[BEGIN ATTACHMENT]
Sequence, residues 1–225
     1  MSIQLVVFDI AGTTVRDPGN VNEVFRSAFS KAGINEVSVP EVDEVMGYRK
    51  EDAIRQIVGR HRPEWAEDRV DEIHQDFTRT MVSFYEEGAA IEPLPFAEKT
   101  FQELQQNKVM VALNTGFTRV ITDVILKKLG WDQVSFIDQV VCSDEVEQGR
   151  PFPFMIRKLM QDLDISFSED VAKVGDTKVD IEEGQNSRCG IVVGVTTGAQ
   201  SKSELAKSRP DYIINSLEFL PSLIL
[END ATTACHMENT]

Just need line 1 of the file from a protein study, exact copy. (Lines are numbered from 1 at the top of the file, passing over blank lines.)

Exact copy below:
Sequence, residues 1–225